Perry, Captain Charles
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Captain Charles Perry (1837-1885) was one of the most prominent and successful curlers of his time. A native of Montreal, he was, during his residence at Kingston in his youth, an active member of the famous “Steamboat” rink of that city which had a remarkable series of triumphs. He made a great contribution to its fine record of only experiencing one defeat during the seven years of existence. When he moved to Toronto in 1861, he joined the Toronto Curling Club, which was then the only curling club in the city, and thereafter he was associated for a good number of years with Mr. John Shedden in skipping the celebrated “Red Jacket” rink of the club.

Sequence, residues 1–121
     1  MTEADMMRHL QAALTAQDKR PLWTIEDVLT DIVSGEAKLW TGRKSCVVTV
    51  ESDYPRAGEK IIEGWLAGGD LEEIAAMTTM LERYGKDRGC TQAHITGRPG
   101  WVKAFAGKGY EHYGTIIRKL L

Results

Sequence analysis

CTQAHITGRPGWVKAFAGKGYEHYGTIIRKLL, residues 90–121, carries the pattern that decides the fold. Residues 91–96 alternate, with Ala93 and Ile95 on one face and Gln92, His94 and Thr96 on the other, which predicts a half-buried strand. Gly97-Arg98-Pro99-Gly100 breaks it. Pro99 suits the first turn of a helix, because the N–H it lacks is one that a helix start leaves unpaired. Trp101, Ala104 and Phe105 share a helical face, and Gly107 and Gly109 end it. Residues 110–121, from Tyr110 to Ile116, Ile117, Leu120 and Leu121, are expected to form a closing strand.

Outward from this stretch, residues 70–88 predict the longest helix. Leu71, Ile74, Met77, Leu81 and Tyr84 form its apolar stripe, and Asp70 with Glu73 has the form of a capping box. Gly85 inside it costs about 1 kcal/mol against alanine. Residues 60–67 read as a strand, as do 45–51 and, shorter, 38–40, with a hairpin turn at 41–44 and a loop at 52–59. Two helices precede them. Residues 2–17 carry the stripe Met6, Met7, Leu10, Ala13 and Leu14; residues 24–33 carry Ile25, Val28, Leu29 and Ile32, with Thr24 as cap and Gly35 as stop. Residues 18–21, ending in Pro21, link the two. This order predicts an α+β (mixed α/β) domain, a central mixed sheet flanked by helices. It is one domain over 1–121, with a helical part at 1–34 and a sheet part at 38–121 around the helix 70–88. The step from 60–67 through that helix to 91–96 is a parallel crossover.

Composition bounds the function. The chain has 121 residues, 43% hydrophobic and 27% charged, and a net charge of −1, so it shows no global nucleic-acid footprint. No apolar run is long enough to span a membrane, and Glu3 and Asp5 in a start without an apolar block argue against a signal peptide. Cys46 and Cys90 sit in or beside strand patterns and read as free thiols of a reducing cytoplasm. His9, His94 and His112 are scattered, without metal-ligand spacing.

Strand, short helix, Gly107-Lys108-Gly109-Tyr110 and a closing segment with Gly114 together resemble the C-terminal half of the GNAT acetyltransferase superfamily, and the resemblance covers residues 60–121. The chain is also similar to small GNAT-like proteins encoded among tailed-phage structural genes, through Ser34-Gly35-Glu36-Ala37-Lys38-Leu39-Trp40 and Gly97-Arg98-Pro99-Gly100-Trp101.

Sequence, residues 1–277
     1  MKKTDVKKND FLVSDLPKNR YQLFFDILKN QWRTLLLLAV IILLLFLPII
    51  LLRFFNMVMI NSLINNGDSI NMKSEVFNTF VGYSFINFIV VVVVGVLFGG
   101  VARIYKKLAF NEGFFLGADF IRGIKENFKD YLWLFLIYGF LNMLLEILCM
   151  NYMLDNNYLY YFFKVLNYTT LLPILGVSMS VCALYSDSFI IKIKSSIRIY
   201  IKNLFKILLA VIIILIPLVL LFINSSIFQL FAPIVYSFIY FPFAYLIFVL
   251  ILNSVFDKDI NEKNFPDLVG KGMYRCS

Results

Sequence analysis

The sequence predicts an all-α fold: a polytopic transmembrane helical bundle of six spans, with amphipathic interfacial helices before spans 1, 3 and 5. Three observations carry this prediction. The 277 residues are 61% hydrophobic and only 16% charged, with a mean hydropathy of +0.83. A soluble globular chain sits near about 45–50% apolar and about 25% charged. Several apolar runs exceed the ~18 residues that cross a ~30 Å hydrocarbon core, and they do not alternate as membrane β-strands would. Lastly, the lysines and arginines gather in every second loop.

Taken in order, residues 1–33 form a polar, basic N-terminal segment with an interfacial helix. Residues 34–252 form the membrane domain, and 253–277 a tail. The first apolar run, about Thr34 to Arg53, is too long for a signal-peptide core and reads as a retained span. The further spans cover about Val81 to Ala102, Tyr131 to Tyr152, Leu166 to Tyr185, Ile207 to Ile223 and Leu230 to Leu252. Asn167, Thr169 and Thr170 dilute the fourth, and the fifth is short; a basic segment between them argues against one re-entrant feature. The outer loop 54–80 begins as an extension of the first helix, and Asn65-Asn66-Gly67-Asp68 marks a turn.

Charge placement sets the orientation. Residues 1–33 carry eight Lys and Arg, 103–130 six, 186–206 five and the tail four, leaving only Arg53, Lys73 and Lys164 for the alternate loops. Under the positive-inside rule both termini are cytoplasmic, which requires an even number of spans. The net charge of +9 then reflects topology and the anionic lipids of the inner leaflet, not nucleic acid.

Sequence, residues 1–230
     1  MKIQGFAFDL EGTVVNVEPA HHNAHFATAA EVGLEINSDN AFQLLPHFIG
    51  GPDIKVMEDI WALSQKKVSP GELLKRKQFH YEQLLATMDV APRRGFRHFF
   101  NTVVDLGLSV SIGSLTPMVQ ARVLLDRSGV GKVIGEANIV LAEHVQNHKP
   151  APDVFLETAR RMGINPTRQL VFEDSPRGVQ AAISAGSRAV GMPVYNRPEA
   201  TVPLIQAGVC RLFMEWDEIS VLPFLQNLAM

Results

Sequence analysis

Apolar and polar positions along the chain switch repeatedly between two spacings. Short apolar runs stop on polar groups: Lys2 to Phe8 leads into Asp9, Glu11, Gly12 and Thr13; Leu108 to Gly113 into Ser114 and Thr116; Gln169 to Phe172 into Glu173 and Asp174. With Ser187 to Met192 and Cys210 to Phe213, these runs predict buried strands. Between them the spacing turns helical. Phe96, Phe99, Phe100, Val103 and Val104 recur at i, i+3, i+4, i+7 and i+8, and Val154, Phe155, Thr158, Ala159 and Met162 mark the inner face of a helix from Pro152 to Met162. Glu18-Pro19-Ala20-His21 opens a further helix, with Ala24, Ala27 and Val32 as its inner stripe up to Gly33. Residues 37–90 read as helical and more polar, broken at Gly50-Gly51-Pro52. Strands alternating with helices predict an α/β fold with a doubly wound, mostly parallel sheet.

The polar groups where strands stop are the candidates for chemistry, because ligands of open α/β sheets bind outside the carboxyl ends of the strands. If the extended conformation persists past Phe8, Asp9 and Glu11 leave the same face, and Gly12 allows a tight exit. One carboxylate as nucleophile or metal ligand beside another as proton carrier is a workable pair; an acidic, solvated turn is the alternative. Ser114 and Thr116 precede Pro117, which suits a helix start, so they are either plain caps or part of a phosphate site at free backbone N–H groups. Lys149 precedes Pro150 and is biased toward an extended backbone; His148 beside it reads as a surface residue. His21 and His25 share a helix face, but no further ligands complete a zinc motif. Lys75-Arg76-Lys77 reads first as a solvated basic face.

When he died on May 20, 19885, the Annual of the O.C.A. in its obituary notice paid him this warm tribute:
“Our departed friend, Captain Perry, was a prince among curlers: his manly form, the joyous expression of his beaming face, the cheerful tones of his voice, his undoubted skill as a player, and wonderful reputation as a skip all combined to render him “the observed of all observers’, wherever curlers met. With the almost womanly tenderness of his kindly heart drew to him the warmest affection of those who knew him best. No matter how fiercely a match had been contested, Captain Perry was always ready at its close to express in bearing, if not in words, ‘Here’s my hand: I’m sorry that I beat thee’ and thus every competitor he met became a friend and is now a mourner.” (source: Curling in Ontario, by John A. Stevenson)
He was a was a member of The Red Jackets team along with David Walker, Major Thomas Gray and Thomas McGraw.
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